Poems of Xu Lizhi


death by corporations                                                       

POEM ONE

The Last Graveyard

Even the machine is nodding off

Sealed workshops store diseased iron

Wages concealed behind curtains

Like the love that young workers bury at the bottom of their hearts

With no time for expression, emotion crumbles into dust

They have stomachs forged of iron

Full of thick acid, sulfuric and nitric

Industry captures their tears before they have the chance to fall

Time flows by, their heads lost in fog

Output weighs down their age, pain works overtime day and night

In their lives, dizziness before their time is latent

The jig forces the skin to peel

And while it’s at it, plates on a layer of aluminum alloy

Some still endure, while others are taken by illness

I am dozing between them, guarding

The last graveyard of our youth.

             

                                                          POEM  TWO 

                                                     Just Standing Like that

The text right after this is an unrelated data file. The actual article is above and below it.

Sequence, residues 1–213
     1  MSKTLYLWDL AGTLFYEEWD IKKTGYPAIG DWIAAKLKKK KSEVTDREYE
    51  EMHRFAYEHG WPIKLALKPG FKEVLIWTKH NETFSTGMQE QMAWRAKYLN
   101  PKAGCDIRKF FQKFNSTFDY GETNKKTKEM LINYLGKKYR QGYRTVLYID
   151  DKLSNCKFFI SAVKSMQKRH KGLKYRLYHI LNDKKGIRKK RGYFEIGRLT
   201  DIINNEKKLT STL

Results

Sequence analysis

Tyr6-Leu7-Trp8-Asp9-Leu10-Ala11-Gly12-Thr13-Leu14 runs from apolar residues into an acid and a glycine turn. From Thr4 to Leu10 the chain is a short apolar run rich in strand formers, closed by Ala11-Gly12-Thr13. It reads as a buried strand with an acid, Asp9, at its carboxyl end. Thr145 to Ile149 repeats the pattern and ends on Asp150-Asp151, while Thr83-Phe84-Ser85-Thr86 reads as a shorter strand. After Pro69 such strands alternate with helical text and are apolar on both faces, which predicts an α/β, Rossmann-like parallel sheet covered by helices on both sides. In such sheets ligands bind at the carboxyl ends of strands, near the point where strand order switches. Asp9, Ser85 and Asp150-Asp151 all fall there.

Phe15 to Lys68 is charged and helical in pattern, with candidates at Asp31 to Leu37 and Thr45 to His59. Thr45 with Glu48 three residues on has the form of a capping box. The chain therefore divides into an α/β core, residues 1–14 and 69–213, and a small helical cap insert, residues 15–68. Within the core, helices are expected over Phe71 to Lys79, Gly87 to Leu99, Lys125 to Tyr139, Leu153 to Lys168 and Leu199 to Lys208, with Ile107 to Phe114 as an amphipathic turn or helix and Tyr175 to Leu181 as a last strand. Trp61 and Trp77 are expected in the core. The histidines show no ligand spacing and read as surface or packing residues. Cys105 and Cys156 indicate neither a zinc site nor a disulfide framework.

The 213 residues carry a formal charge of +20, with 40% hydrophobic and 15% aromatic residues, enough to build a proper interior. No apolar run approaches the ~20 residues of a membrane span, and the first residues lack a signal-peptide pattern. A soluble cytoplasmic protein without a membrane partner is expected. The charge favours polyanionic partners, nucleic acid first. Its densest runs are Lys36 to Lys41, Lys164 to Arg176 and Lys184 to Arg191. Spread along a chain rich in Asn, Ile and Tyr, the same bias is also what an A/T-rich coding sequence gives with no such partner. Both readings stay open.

The paper before my eyes fades yellow

With a steel pen I chisel on it uneven black

Full of working words

Workshop, assembly line, machine, work card, overtime, wages…

They’ve trained me to become docile

Don’t know how to shout or rebel

How to complain or denounce

Only how to silently suffer exhaustion

When I first set foot in this place

I hoped only for that grey pay slip on the tenth of each month

To grant me some belated solace

For this I had to grind away my corners, grind away my words

Refuse to skip work, refuse sick leave, refuse leave for private reasons

Refuse to be late, refuse to leave early

By the assembly line I stood straight like iron, hands like flight,

How many days, how many nights

Did I – just like that – standing fall asleep?

 

 

*Chinese Worker who Committed Suicide

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